Originally published March 28, 2013 in The Commonwealth Times
Assistant News Editor
At breakneck speed, Cody Voight reads off a packet of questions while students hug their buzzers close. First a toss-up, then a bonus. Questions switch from English literature, to biology, back to history and then to physics. Teams barely have a chance to think about the quick quiz questions before a response is given by an opposing teammate and they’re on to the next set.
It’s just a practice round, but VCU is getting all the right answers — just like they did in the run-up to the 2011 National Academic Quiz Tournament finals. They fell in the last match to perennial favorite Harvard University, but due to a recent investigation by the NAQT, VCU’s 2011 team has gone from runner-up to national champion.
The NAQT recently uncovered a cheating scandal in which Andrew Watkins, a Harvard alumnus and former Harvard quiz team member, cheated during national tournaments from 2009-2011, according to the NAQT, which has stripped Harvard of four national titles won during those years. The University of Minnesota, the University of Chicago and VCU have been retroactively named first-place winners instead.
Watkins abused an NAQT website loophole before the competitions that allowed him to view the first 40 characters of many of the quiz questions. Team President Sean Smiley explained they were alerted to the cheating when they noticed Watkins, who was known as a good “generalist” at quiz questions and a “specialist” at science-related topics, started doing unusually well in other subjects.
During a typical Quiz Bowl tournament, two teams of four players each compete against other colleges for trivia questions that range from everything from history to biology. Participation in VCU’s team is open to all students in good academic standing, and tournaments are open to most members.
Members of the 2011 team, George Berry, Cody Voight, Evan Adams and Tommy Casalaspi, collected the title for VCU last Wednesday, shortly after the news was posted on the NAQT website. Voight, now Quiz Bowl treasurer, is the only member from the 2011 team still at VCU.
“It’s very rewarding,” said Voight, a senior electrical engineering major. “It’s nice to know that our hard work really did pay off, especially as that was the last year for two people … it was nice to go out with a bang.”
NAQT president and chief technical officer Robert Hentzel said the NAQT was shocked and saddened after learning of the cheating incident.
“The evidence was pretty clear, however, and Andy Watkins admitted that the access had occurred, so there was very little question about what had to be done,” Hentzel said.
The NAQT will review its administrative website and server logs in hopes of unearthing any other incidents before they affect another tournament. The organization will institute new preventive policies too but is not yet sure of other changes it will likely make, according to Hentzel.
“I’d say that the community … has historically erred on the side of trust, friendliness and flexibility. That may be shifting back toward the side of security as a result of these issues,” Hentzel wrote in an email.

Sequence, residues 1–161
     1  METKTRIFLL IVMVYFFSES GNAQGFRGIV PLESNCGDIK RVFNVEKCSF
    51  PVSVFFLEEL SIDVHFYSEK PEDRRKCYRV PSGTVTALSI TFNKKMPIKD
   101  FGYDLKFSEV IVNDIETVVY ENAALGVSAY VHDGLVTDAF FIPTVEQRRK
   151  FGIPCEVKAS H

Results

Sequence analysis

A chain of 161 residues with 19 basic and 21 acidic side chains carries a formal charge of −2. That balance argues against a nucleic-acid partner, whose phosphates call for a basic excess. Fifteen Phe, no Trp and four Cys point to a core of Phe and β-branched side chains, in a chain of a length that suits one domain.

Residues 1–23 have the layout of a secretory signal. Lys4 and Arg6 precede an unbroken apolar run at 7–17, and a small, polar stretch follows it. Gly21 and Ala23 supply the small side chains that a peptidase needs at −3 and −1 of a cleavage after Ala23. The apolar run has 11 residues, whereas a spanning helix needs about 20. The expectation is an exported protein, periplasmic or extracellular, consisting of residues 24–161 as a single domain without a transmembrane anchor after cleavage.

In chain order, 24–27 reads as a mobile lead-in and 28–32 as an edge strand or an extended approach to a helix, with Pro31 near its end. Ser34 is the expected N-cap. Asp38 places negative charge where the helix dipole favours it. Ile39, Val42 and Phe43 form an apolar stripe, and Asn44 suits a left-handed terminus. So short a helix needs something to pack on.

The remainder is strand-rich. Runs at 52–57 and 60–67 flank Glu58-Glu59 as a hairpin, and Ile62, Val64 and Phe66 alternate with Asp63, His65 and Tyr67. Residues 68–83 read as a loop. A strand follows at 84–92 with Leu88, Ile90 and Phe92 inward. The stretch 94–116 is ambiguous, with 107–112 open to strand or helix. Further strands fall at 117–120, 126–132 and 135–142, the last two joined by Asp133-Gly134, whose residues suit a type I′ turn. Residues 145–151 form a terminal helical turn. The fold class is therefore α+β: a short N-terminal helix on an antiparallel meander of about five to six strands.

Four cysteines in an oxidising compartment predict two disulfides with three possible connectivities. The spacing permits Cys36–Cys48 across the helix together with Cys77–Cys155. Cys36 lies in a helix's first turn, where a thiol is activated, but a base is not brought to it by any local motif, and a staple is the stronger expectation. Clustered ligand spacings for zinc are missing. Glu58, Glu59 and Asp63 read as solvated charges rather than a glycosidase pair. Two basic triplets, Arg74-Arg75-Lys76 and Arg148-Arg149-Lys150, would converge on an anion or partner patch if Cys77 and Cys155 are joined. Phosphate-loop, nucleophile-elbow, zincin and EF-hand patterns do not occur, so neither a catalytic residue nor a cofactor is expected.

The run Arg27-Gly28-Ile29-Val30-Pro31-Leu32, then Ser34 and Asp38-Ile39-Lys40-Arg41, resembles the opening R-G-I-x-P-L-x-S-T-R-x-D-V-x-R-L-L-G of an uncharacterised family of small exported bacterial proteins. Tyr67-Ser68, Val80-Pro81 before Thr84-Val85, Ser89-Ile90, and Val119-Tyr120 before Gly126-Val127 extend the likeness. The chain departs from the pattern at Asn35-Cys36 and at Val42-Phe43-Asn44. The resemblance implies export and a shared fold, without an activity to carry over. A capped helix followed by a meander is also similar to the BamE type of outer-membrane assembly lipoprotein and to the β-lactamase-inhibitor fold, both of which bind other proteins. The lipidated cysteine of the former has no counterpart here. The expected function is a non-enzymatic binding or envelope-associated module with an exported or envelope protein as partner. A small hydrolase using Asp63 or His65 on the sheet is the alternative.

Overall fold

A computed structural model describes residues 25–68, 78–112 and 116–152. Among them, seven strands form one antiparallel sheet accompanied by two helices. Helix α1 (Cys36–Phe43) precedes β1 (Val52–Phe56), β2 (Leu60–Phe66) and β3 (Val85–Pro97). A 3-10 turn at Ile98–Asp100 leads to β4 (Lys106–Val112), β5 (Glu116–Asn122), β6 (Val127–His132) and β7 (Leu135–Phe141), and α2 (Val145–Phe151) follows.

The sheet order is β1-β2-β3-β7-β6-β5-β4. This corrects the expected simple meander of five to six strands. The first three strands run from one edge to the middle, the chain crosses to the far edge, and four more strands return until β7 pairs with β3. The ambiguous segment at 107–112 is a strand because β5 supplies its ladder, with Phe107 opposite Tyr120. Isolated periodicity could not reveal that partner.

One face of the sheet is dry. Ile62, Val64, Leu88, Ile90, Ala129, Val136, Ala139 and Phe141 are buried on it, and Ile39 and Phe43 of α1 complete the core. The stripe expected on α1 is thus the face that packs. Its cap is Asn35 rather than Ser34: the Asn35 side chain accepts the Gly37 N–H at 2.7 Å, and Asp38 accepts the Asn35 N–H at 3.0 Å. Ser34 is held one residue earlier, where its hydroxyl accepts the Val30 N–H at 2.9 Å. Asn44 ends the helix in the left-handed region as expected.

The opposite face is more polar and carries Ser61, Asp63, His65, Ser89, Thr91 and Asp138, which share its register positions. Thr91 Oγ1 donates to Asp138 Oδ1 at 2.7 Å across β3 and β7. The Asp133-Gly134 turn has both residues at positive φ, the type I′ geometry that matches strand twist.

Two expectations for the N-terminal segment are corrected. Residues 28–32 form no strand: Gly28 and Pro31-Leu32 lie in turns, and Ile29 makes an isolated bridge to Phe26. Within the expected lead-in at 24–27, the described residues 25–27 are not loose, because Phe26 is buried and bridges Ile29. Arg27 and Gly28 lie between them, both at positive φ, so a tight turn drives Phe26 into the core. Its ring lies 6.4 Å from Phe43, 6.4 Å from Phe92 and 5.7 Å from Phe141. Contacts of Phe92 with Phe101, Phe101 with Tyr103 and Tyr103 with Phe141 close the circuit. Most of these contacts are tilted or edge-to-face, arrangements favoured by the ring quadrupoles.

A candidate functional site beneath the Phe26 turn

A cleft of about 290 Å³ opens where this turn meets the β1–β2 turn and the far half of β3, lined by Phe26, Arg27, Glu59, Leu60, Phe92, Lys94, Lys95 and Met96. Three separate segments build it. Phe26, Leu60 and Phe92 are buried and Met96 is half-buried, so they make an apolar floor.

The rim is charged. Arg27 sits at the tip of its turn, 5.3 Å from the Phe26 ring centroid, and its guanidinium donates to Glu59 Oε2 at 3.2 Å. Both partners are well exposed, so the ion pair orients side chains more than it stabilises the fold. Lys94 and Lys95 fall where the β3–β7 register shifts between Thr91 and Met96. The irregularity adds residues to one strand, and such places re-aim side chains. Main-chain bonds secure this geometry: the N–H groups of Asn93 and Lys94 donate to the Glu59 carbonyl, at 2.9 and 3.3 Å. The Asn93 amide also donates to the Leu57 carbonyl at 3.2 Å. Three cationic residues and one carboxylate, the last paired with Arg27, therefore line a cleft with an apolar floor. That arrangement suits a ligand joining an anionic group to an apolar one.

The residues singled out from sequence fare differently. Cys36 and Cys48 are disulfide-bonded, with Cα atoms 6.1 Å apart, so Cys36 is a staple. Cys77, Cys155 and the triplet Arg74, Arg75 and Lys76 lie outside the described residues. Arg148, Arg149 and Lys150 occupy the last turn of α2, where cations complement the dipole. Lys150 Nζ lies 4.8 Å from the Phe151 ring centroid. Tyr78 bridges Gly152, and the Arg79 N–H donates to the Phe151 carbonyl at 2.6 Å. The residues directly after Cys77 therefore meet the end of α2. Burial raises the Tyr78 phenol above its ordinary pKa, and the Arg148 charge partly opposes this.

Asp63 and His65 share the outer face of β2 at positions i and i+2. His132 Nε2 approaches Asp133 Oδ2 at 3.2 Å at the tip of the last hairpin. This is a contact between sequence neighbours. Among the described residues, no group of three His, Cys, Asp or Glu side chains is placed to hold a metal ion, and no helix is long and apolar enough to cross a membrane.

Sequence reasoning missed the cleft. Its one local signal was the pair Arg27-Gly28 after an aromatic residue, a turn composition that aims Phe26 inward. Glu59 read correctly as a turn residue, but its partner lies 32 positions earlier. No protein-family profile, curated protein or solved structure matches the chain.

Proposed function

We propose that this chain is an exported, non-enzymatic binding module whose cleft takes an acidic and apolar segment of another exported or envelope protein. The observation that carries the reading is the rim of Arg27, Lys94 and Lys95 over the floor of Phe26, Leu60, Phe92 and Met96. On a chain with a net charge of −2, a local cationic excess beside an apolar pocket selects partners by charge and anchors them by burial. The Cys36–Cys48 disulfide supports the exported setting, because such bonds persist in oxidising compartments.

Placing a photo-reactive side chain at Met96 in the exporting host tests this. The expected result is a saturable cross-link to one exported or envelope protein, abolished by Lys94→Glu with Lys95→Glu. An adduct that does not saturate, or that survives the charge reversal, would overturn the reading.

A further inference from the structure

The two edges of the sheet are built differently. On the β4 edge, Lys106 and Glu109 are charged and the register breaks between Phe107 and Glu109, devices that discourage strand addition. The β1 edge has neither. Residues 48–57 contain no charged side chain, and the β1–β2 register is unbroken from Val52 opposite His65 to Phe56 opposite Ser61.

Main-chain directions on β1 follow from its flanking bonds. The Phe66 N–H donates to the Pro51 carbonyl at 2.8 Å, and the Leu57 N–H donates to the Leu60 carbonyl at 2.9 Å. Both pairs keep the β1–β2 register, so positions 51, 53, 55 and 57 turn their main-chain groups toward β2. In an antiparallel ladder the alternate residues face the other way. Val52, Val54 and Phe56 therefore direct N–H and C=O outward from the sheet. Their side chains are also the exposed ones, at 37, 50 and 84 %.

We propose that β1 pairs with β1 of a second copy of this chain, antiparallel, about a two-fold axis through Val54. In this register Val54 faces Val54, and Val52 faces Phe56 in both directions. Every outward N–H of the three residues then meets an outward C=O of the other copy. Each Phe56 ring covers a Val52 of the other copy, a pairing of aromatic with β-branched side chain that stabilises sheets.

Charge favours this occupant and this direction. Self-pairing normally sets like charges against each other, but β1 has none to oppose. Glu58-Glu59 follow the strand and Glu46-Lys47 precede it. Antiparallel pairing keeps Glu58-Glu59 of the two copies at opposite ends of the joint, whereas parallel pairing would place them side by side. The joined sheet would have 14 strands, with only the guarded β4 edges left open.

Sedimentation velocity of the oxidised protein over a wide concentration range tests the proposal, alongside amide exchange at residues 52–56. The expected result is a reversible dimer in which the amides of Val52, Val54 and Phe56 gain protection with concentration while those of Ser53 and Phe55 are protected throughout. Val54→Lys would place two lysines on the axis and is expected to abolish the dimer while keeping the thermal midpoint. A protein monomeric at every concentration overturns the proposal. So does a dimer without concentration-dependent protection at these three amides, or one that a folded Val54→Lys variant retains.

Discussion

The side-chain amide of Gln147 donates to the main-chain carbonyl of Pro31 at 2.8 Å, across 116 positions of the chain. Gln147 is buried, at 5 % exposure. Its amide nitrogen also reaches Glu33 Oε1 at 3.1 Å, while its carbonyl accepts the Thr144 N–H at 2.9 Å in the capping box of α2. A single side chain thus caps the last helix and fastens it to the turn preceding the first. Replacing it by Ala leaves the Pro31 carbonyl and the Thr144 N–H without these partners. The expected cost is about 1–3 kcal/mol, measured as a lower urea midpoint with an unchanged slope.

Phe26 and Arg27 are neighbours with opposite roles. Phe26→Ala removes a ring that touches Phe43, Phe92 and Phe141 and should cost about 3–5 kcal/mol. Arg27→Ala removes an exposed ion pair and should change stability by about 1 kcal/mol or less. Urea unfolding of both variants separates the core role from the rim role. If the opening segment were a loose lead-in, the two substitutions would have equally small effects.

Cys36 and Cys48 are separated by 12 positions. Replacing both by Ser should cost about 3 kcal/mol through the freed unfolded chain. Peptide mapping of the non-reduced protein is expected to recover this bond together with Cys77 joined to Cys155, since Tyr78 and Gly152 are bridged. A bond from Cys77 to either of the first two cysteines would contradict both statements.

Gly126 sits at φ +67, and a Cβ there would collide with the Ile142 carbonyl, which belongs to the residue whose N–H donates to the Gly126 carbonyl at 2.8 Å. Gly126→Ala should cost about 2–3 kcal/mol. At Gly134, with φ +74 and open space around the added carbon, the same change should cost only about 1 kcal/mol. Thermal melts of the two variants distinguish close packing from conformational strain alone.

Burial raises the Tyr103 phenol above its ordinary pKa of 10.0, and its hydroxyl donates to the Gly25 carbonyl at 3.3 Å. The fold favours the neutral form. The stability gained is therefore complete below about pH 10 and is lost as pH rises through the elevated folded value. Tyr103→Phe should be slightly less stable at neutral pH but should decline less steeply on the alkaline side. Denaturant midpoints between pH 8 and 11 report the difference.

Smiley said the team and others in the Quiz Bowl community had suspicions that Watkins was cheating in the championship early on. He said the VCU players were not surprised when the truth came out.
Voight said during the two 2011 national tournaments, Watkins’ performance was drastically different.
“He had a significant drop between how well he played between the two nationals, especially considering the fact that the areas where he was good, which was basically just science, is fairly constant between the two tournaments.” Voight said. “So the difference between his performance was very shocking and telling.”
But being unusually good at Quiz Bowl questions that range from everything from pop culture and history to physics and biology is not necessarily an oddity.
VCU’s legacy at Quiz Bowl began with alumnus Matt Weiner, who began the group in 2002 and in 2005 won the first national title for the university by himself.
Since then, the Quiz Bowl team has grown and become a force to be reckoned with in the academic tournament world. VCU has never finished outside the top 25, according to George Berry, club vice president.
The 2013 team has as many as 14 members at a time, ranging from engineering and biology to history and literature majors.
“There’s a community around Quiz Bowl and it’s sort of a pleasure to be in the community,” Voight said. “The game itself is about knowledge, and cheating … completely defeats the purpose of Quiz Bowl.”
VCU’s Quiz Bowl team competes in six to eight tournaments each semester and will compete in both the Intercollegiate Championship Tournament in Chicago and the Academic Competition Federation tournament at Columbia University this April.
“It used to be a real shock to see VCU at tournaments,” Voight said. “But over time that’s changed a lot and it’s generally a nice feeling to be able to compete with team players like (Ivy League schools) and be able to win against them.”